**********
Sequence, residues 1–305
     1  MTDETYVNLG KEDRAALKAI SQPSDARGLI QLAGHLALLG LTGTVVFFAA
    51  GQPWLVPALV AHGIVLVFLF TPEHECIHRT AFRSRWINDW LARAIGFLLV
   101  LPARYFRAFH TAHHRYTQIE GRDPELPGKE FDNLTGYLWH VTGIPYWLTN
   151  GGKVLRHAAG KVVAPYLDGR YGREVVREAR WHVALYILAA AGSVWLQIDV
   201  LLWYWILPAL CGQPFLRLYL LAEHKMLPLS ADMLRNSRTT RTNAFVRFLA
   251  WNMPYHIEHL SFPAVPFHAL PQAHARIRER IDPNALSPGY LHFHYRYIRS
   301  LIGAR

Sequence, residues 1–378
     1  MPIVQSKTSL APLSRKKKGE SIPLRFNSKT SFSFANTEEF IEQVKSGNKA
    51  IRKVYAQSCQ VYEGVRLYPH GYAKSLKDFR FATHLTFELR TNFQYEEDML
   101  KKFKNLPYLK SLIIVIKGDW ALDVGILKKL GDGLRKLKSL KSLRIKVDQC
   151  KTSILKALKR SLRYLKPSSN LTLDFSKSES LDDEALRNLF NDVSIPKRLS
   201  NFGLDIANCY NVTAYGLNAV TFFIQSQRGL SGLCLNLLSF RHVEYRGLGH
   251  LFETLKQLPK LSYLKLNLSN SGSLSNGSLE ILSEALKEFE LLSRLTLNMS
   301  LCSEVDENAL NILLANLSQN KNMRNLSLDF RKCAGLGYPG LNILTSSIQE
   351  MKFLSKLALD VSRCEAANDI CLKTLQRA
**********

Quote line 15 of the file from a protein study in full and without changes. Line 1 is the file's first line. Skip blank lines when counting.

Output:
   251  LFETLKQLPK LSYLKLNLSN SGSLSNGSLE ILSEALKEFE LLSRLTLNMS